4 CONTENTS Thomas Edison State College and Colorado State University: Using Cutting-edge Technology to Enhance CE Unit Success Henry van Zyl and Albert Powell, Jr. BOOK REVIEWS Unlocking the Gates (Taylor Walsh) Reviewed by Stephen Carson College: What It Was, Is, and Should Be (Andrew Delbanco) Reviewed by Robert Wiltenberg Education for Employment: Realizing Arab Youth Potential Reviewed by Jennifer K. Stine iv CONTINUING HIGHER EDUCATION REVIEW, Vol. 76, 2012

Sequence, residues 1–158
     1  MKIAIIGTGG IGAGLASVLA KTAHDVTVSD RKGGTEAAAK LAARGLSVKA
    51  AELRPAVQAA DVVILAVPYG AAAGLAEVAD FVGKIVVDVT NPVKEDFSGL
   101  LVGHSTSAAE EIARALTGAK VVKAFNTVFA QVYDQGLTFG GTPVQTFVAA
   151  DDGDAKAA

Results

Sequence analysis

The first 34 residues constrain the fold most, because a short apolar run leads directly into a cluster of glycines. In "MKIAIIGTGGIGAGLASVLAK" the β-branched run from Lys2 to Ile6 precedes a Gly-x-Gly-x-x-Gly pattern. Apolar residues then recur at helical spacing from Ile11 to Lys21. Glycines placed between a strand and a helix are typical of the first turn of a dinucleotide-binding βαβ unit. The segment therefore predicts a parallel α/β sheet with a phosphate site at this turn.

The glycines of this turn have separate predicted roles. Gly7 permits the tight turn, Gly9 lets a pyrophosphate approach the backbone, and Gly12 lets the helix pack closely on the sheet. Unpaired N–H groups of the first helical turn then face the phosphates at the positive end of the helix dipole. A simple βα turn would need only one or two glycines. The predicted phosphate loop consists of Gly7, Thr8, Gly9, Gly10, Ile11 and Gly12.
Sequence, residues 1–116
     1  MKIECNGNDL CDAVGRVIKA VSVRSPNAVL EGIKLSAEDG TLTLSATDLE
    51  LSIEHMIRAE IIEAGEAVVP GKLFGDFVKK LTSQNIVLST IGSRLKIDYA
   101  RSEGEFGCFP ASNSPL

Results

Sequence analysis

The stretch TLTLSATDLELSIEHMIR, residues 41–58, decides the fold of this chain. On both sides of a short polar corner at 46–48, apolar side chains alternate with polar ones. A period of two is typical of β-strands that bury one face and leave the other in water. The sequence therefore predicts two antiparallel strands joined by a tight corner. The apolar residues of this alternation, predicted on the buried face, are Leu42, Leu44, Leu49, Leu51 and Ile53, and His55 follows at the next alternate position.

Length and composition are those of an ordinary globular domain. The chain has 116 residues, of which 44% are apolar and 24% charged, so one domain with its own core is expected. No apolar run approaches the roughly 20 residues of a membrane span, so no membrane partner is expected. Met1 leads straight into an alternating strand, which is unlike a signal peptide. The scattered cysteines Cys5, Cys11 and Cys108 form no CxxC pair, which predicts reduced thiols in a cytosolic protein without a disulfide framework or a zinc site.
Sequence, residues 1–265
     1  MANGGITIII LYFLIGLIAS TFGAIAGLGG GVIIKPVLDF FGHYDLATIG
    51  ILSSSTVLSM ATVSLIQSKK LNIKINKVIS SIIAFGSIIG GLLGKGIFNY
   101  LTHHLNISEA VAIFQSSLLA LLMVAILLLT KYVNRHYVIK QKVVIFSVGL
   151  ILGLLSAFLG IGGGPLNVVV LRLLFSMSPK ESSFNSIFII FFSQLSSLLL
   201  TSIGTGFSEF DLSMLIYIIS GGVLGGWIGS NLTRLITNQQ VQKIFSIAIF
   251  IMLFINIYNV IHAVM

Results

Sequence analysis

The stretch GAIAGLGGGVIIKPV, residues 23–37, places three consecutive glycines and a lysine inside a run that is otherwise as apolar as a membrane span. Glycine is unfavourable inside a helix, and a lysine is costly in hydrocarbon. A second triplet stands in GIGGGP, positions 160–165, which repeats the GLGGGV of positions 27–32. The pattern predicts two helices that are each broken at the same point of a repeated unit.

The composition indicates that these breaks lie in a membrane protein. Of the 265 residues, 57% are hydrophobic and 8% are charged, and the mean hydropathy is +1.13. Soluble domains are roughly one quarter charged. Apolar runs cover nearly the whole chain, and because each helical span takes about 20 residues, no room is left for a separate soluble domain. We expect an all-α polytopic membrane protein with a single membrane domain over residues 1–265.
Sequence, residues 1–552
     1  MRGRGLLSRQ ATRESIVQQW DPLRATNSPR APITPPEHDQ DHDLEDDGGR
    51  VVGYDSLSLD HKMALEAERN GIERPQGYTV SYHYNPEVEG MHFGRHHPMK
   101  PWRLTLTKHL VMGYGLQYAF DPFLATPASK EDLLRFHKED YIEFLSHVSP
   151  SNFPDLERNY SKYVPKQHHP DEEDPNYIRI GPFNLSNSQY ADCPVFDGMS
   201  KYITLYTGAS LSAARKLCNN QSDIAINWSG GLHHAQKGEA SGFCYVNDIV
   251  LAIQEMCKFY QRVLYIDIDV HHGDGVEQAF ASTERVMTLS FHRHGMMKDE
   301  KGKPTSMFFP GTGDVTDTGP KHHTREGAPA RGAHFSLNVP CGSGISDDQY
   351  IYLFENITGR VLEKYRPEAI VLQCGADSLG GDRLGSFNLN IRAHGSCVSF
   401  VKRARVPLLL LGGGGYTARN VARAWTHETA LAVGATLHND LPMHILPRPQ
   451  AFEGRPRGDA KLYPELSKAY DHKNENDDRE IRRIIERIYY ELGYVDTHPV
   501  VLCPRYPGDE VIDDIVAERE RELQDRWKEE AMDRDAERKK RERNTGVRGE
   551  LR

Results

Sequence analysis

5 Editor s Note With this year s issue of the Continuing Higher Education Review (CHER), volume 76 (fall 2012), we have reached a milestone of sorts, as this marks the 15 th consecutive year that we have been editing and publishing CHER, the official journal of the University Professional and Continuing Education Association (UPCEA), at Harvard University. The origins of UPCEA date from 1915, when the National University Extension Association (NUEA) was founded, and the recently created Extension Division of Harvard University was solicited in June of 1915 to become a member of the National University Extension Association. President Lowell brought up before the Corporation... the question of joining the National University Extension Association. The members of the Corporation all felt that it would be most helpful to the extension work we are trying to do here if we joined, and as of October 12, 1915 Harvard University became one of the original 22 institutional charter members of NUEA. It is gratifying to us at Harvard that our membership with the national organization, from NUEA to UPCEA, has been maintained without interruption for almost a century now. And we are pleased to continue to serve our professional organization and our professional colleagues, nationally and internationally, in this editorial fashion. Our format follows the pattern set in recent issues, with the opening section devoted to Essays and Addresses on Issues of Higher Education. The lead essay, titled What Is College For, is excerpted from Andrew Delbanco s College: What It Was, Is, and Should Be (Princeton University Press, 2012). Professor Delbanco discusses three basic reasons why a college education is important: economic competitiveness, both individual and national, political for democratic citizenship, and liberal learning for personal fulfillment. In the Book Review section, Robert Wiltenberg offers an informative and insightful review of the book for our continuing higher education readers. Demographics and Lifelong Learning Institutes in the 21st Century by Michael Shinagel explores the implications of aging societies, both in the US and globally, in light of the recent growth of lifelong learning institutes nationally and universities of the third age (U3A) internationally. He uses CONTINUING HIGHER EDUCATION REVIEW, Vol. 76,